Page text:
Artist Spotlight: Chloe Burton
Although valley native Chloe Burton makes her living at local tea company Two Leaves and a Bud, most locals will recognize her from her myriad appearances in local dance performances— including a prominent role in a massive skirt in this year’s Green is the New Black. This summer marks her first significant break from rehearsals in some time, and she took the opportunity to sit down with the Post Independent.
PI: How did you find dance?
CB: My mom was a dancer, so she tried to get me into classes. At first it was mostly creative movement, which most kids love, but I didn’t really like it.
It changed when I took ballet, because that’s so structured down to every little detail. That wasn’t until a little bit before college.
PI: Did you plan to study dance at school?
CB: I was undeclared for a year at Mesa. I had a friend who was a music theater major, and I had no idea what I was going to do. I was planning to take all the gen eds, but I went to some of her classes the first day. I was not very good at acting, but I loved ballet.
PI: Besides the structure, what appealed about it?
CB: I think the challenge. It’s not really natural. You’re not supposed to stand on the tips of your toes. The whole idea of ballet is sort of to defy gravity. It’s really hard, and I think I’m drawn to that. It’s the same reason I’ve recently started doing kickboxing.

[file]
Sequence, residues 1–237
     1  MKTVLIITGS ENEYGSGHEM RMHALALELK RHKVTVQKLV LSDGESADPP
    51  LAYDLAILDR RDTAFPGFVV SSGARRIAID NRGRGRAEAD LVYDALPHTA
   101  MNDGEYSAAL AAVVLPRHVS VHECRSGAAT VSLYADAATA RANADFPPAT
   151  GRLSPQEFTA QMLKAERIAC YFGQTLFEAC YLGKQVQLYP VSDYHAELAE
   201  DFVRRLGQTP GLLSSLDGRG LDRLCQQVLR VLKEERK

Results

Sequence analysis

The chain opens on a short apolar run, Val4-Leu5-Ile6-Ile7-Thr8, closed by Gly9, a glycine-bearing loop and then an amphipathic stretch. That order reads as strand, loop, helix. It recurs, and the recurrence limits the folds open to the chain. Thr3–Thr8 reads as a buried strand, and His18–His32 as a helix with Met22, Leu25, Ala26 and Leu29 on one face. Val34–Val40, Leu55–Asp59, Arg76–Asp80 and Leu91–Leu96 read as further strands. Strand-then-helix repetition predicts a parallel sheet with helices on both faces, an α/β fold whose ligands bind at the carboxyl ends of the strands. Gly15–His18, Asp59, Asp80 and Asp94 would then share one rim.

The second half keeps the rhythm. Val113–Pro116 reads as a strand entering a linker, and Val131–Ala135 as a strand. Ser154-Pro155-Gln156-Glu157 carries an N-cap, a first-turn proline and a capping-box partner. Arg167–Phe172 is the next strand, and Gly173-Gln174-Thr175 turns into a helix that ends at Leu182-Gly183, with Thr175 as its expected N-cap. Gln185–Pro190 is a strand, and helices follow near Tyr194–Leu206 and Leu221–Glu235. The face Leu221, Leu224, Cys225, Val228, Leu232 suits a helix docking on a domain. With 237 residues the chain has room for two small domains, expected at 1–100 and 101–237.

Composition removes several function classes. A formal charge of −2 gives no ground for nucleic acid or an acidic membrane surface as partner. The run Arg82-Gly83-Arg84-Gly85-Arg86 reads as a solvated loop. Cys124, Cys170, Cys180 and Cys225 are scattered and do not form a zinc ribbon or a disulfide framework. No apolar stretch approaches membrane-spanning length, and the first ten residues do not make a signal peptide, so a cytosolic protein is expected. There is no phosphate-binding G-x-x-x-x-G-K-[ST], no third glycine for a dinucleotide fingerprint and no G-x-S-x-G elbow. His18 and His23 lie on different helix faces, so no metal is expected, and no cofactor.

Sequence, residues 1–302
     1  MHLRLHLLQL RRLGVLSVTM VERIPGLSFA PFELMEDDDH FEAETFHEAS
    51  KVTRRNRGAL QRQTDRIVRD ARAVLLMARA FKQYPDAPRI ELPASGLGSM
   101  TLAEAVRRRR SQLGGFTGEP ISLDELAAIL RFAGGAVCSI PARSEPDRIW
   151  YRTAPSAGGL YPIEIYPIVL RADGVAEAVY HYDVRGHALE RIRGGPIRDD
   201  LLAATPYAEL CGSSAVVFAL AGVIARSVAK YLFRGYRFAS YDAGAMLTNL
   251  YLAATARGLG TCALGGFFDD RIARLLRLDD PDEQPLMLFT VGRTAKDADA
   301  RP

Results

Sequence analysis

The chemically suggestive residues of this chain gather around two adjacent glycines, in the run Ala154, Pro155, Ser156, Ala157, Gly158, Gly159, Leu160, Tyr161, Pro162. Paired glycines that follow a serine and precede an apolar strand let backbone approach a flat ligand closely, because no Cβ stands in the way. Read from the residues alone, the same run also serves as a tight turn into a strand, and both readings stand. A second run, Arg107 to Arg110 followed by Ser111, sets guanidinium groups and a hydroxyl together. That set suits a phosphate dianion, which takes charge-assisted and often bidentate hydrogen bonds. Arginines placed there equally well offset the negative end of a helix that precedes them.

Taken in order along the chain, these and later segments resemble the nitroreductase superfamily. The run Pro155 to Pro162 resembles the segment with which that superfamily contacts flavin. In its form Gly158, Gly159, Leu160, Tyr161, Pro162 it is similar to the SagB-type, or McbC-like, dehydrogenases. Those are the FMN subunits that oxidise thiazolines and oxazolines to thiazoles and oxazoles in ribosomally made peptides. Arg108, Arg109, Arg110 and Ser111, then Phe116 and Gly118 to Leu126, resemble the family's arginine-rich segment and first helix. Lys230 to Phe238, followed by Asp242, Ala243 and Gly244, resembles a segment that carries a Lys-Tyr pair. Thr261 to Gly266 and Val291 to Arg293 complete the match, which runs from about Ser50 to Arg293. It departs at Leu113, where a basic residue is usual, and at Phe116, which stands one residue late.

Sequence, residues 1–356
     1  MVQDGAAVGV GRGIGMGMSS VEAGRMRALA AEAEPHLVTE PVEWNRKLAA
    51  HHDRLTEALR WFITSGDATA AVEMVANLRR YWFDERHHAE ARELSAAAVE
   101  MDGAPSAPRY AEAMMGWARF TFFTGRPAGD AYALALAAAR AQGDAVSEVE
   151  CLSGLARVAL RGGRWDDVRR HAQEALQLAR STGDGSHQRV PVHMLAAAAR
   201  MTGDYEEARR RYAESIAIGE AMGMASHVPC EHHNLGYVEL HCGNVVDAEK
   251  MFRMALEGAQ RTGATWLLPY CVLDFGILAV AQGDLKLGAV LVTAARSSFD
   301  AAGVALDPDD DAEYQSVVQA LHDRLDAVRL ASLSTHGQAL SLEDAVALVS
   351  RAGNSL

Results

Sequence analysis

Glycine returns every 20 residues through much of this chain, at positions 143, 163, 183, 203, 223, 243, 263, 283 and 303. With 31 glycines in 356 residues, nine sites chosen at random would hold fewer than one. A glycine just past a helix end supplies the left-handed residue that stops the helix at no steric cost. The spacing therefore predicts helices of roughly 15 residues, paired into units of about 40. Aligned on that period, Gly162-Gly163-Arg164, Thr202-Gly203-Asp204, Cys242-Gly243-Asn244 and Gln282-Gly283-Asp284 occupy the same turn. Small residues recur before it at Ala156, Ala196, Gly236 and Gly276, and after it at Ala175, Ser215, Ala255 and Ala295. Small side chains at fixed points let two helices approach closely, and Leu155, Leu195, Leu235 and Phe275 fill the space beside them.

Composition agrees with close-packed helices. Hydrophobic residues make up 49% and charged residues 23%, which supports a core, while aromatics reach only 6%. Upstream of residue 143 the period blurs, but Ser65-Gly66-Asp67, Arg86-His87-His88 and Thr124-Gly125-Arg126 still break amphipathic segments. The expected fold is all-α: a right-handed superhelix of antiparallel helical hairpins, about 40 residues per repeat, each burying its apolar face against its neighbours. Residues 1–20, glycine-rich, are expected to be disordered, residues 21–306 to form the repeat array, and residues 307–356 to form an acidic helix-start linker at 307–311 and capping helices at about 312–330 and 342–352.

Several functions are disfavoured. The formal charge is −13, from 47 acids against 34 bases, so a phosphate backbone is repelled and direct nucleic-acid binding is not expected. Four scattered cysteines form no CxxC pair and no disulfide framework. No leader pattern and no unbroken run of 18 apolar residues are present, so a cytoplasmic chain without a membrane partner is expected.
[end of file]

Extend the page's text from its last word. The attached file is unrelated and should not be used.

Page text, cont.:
PI: When did you begin to branch out into other dance forms?
CB: Also in college. I took a lot of modern, jazz and tap classes. I tried hip-hop, but I don’t have the hips for it or something.
PI: How did you get involved in dance here in the valley?
CB: A dancer dropped out of “Crazy for You,” and I had just done that show in school. After that, I was definitely homesick for dance, so I went to a class through Dance Initiative, and it kind of grew from there.
PI: Any other creative outlets?
CB: I write a lot. I’m working on a science fiction novel about human trafficking. I’d love to be a writer and dance on the side.
PI: What’s next?
CB: I’d like to do choreography. I think I enjoy that even more than performing.
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Questlove’s directorial debut, the documentary “Summer of Soul” brings to vivid life the 1969 Harlem Cultural Festival with previously unseen footage of Stevie Wonder, Nina Simone, Sly and the Family Stone and others. Aspen Film and Jazz Aspen Snowmass will host a drive-in preview on Sunday.